At the end of BLM’s 2016 fiscal year, there were approximately 2.9 million acres of federal public land in Utah leased for oil and gas development (here—follow hyperlink for Table 2 Acreage in Effect). At the same time, oil and gas companies had less than 1.2 million acres of those leased lands in production—less than forty percent of the total land under lease (here – follow hyperlink for Table 6 Acreage of Producing Leases).  This disparity makes clear that there is no need to sacrifice any of these remarkable areas for oil and gas leasing and development.

    Click here for photos of areas to be auctioned off by BLM in southeastern Utah for fossil fuel development.

    ###

  • October 19th, 2017

    A band of badgers confronted Utah state officials today about their efforts to turn federal public lands over to the state of Utah to own or manage.  “How can we trust the state with our public lands when they assert that badgers loot artifacts and deny that human driven climate change is damaging the health of our public lands and forests?” asked the badgers. “The answer is that we can’t.”

    A band of badgers confronts state officials at the Utah Legislature’s Commission for the Stewardship of Public Lands meeting.

    The badgers were referring to state legislator Mike Noel’s claim last year that badgers were to blame for digging up artifacts in the Bears Ears area. Noel asserted that “those little suckers are going down and digging up artifacts and sticking them in their holes.”

    Spokesperson Badger John cleared the name of badgers: “This is a falsehood.  Badgers do not loot archaeological sites, people do.”

    Badger John makes a statement at the commission meeting.

    The badgers also criticized the state for denying the deleterious effects of climate change on public lands and forests, pointing out that human-driven climate change is having real, measurable impacts every day that range from hotter, more intense wildfires to prolonged drought and multiple thousand-year storm events occurring over just a few years. “But the legislature and this commission refuse to recognize these indisputable truths,” lamented Badger John.

    Several commissioners said they cared about badgers, but continued to insist that federal public lands in Utah would be better managed by the state. The badgers wholeheartedly rejected that claim. Calling upon history, they noted that it was the failure of states to adequately steward America’s public lands that led to higher national standards in the first place.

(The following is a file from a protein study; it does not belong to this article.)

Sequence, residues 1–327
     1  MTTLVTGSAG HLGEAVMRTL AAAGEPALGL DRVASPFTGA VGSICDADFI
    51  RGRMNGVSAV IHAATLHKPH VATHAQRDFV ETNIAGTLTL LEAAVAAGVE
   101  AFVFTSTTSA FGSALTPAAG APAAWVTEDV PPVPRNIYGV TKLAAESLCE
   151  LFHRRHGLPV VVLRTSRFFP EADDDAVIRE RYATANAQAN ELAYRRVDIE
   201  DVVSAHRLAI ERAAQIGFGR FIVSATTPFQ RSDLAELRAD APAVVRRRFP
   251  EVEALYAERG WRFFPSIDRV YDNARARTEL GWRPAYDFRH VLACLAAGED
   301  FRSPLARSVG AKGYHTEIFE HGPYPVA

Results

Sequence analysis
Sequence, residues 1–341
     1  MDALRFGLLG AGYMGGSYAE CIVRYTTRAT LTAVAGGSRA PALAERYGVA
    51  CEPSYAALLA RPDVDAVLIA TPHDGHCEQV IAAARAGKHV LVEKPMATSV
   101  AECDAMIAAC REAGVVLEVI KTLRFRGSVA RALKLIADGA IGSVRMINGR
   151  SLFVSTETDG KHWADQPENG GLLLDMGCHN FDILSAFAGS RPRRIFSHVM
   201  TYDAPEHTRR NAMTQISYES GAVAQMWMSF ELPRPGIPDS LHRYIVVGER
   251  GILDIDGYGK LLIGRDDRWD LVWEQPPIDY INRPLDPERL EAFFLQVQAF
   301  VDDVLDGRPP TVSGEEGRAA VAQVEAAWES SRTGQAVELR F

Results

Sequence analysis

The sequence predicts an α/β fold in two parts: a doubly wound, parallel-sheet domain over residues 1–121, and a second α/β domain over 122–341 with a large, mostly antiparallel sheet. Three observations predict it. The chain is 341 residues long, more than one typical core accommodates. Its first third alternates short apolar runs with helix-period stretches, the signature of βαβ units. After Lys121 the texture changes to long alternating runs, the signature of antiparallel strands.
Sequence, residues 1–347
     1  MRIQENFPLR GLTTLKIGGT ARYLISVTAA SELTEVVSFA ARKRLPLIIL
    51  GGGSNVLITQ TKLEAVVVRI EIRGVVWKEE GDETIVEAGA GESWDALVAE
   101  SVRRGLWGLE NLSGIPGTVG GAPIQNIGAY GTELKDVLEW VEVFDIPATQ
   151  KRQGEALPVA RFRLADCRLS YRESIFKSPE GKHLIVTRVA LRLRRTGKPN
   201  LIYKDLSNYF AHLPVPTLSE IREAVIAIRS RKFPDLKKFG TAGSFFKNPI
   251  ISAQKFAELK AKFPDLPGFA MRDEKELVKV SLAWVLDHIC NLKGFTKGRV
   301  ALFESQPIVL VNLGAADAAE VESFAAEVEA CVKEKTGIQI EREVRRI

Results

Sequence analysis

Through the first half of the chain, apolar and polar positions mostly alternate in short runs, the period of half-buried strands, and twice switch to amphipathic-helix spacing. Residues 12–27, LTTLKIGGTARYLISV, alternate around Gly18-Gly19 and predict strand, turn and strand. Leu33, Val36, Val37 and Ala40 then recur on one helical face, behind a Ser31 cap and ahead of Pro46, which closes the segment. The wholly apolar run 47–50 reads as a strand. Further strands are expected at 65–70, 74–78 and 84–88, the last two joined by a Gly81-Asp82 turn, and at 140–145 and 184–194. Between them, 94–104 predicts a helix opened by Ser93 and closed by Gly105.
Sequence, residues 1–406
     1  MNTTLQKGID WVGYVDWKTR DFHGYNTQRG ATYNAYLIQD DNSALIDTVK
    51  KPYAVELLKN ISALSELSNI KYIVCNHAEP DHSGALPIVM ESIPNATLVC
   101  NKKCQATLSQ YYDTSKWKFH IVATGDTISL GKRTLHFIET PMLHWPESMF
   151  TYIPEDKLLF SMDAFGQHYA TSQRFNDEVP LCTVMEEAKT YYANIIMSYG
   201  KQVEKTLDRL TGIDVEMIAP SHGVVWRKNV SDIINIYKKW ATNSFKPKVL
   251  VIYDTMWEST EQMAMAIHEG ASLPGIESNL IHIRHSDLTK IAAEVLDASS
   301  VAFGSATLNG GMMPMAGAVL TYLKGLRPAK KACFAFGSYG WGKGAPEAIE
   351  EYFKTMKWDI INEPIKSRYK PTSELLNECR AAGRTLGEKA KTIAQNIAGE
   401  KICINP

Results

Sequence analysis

“When this commission asks people for trust while simultaneously spreading falsehoods and denying widely accepted science, it earns the mistrust of people and badgers everywhere,” they said.  “Leave Utah’s federal lands in America’s public hands.”

    The badgers traveled from their burrows in southern Utah to the State Capitol for the meeting of  the Commission for the Stewardship of Public Lands—a misnamed commission seeking ways to advance the transfer of federal lands to the state of Utah.

    SUWA is pleased to have badgers as allies in our fight to protect our public wild lands!

     

     

  • October 4th, 2017

    Once again the Bureau of Land Management (BLM) is poised to auction off outstanding federal public lands in redrock country for fossil fuel development. The latest ill-conceived proposal targets some of the most culturally significant and dramatic lands in southeastern Utah, threatening the region’s air quality, cultural resources, dark night skies, wilderness-caliber landscapes, and even national monuments—including Bears Ears.

    Tell the BLM this outrageous proposal to lease and develop public lands is completely unacceptable.

    Tin Cup Mesa. Copyright Neal Clark/SUWA

    Not only is this lease sale terribly misguided, it’s also totally unnecessary. At the end of the BLM’s 2016 fiscal year, about 1.1 million acres of BLM managed lands in Utah were in production out of approximately 2.9 million acres leased to oil and gas operators—that’s less than forty percent of the total land under lease. Given the current surplus of oil and gas leases in Utah, there is simply no need to open up more public land to fossil fuel development, particularly in sensitive and wild places.

    Click here to tell the BLM not to auction off our natural and cultural heritage to the fossil fuel industry.

    Specifically, the BLM is proposing to lease for oil and gas development:

    •    Parcels located in the Goldbar Canyon, Hatch Point/ Hatch Canyon, and Labyrinth Canyon proposed wilderness areas in Grand County and the Cross Canyon, Monument Canyon, and Tin Cup Mesa proposed wilderness areas in San Juan County.